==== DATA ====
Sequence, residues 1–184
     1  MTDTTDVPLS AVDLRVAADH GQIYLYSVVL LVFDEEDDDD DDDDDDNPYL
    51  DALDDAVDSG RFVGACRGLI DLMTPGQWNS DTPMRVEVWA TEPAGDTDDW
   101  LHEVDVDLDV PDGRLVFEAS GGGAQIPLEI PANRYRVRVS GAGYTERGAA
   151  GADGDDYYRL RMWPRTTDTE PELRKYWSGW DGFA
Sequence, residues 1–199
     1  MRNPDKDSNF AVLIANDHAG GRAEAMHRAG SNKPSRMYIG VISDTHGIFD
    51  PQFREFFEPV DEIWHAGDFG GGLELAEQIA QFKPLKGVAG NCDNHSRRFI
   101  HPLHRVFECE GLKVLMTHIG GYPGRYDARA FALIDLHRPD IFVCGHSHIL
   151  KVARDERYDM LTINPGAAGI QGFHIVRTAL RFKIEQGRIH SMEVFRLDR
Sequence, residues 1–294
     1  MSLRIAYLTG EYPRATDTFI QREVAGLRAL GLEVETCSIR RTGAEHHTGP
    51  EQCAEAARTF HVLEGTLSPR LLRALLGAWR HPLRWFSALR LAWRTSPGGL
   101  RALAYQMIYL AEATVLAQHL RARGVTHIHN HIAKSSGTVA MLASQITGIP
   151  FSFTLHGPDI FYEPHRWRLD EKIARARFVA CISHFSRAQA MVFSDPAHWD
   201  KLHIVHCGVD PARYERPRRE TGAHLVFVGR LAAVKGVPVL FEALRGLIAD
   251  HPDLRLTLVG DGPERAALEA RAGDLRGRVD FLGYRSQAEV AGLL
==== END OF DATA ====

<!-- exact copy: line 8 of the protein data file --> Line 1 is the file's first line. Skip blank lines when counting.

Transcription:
    51  PQFREFFEPV DEIWHAGDFG GGLELAEQIA QFKPLKGVAG NCDNHSRRFI